Open the Windows program and a baker’s dozen icons allow you to select the electronic equivalents. Each icon summons a module window, allowing you to tile or overlap as many as your eyes can stand. Each active module affects the menu bar, changing the context-sensitive help and available options.

And there are still more windows-within-windows to discover: the daily task list includes a “notes” field; click it and an electronically-linked window allows you to enter more explanation than the brief line provided by default.

A nice touch throughout the program is the formatting bar (they call it the Enhanced Multi-Line Edit Control) provided with most text windows, allowing easy-to-choose options for type appearance (bold, italic, etc.), justification, and light editing. Date and time also may be automatically entered by clicking appropriate icons. Almost any screen that allows note-taking sports the format bar, which proves its worth when the material is printed.

As long as you’ve made peace with Windows-based printing, you’ll be impressed with Ascend. What you’ve electronically entered prints out neatly in full- or half-page format, on Franklin-styled loose-leaf paper (a generous amount of the half-page blanks are provided in the full Ascend package) or onto your own pages, upon which it draws all necessary rules and boxes.

Continuous-form and laser stock is available through Franklin; if you go with your own paper, they’ll sell you the special punch needed to make the oddball arrangement of seven holes.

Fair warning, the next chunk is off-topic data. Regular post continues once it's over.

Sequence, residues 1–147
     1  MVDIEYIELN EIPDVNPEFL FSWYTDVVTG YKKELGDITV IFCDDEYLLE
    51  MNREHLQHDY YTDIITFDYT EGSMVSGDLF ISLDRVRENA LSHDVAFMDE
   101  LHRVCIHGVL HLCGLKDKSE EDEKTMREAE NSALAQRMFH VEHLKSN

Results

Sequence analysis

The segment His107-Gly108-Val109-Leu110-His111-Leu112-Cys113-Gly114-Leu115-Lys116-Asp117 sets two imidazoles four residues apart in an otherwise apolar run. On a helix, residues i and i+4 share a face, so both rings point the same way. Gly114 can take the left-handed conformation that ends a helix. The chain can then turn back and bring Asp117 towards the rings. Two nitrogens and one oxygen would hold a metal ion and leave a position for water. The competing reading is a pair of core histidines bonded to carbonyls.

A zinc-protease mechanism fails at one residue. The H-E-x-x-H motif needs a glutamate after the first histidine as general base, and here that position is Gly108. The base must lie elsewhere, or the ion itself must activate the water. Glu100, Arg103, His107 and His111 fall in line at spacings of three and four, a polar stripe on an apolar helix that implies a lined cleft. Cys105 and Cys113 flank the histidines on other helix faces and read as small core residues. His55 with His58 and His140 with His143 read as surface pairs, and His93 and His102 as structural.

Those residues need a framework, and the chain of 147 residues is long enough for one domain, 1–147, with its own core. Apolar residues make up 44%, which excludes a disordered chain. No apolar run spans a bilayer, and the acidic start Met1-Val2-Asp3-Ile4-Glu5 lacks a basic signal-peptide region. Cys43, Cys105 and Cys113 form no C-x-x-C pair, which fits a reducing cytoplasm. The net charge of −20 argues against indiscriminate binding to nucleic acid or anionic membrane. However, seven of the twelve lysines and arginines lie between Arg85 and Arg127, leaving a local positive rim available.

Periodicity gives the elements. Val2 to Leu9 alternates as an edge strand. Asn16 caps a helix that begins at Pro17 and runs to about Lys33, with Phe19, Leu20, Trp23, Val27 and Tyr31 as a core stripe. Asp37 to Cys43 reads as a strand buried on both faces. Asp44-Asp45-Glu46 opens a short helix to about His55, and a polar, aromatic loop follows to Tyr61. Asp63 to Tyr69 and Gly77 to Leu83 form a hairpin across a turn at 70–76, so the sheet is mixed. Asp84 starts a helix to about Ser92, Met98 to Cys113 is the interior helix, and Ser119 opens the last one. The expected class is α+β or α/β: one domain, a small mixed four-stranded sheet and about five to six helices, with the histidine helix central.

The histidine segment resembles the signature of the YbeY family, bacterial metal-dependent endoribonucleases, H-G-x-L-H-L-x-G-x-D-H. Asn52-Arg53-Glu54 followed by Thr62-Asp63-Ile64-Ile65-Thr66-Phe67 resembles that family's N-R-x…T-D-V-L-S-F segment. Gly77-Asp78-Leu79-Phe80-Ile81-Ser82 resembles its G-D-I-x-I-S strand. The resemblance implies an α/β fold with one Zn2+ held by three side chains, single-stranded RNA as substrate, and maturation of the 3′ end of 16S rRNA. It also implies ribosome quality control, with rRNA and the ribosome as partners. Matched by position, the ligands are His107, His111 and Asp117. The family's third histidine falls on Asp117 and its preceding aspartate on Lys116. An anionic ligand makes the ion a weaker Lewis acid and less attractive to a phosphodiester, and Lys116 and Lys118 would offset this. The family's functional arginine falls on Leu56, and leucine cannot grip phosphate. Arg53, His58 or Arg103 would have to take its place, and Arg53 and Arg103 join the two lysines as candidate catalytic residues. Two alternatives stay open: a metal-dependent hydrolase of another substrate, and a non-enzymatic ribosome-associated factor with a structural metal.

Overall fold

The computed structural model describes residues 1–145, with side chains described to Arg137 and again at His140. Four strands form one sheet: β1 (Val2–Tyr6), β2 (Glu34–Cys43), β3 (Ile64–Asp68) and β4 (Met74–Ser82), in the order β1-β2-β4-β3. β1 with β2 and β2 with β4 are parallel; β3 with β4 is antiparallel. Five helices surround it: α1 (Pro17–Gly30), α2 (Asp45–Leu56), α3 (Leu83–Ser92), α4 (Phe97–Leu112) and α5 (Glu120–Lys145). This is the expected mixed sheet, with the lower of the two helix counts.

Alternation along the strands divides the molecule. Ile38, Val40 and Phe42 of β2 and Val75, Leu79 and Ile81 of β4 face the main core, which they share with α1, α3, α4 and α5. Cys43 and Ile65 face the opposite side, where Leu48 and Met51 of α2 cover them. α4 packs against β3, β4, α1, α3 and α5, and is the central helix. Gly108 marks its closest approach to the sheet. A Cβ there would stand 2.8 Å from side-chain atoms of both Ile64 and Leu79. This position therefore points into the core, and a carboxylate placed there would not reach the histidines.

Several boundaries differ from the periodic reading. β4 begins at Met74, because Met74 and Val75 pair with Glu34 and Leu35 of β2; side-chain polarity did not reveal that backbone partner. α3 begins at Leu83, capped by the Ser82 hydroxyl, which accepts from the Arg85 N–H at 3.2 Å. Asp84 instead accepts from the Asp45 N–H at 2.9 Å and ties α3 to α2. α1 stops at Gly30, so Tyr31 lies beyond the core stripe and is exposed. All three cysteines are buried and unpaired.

The Address Book module produces a nice-looking printed page of phone numbers, with as little or as much information as you wish. It also allows labels and envelopes to be printed.

If you already have a database of phone number information, you can import it into Ascend; save it as a line-delimited ASCII file and make sure you choose fields the program can accommodate. As of this version (3.14) you’re limited to an unchangeable configuration; version 4 will offer some user-definable fields. Entries are automatically indexed on both last name and company fields, although an override is manually available. Memo fields can’t be imported, but Ascend does let you add notes within the program.

Information from the address book module is available to be pasted into other parts of the program, and that’s where Ascend’s snappy search features come into play. Insert (or Find) Name is an edit-menu option within the Task List and Daily Record modules; it throws up an Address Book screen for a quick browse.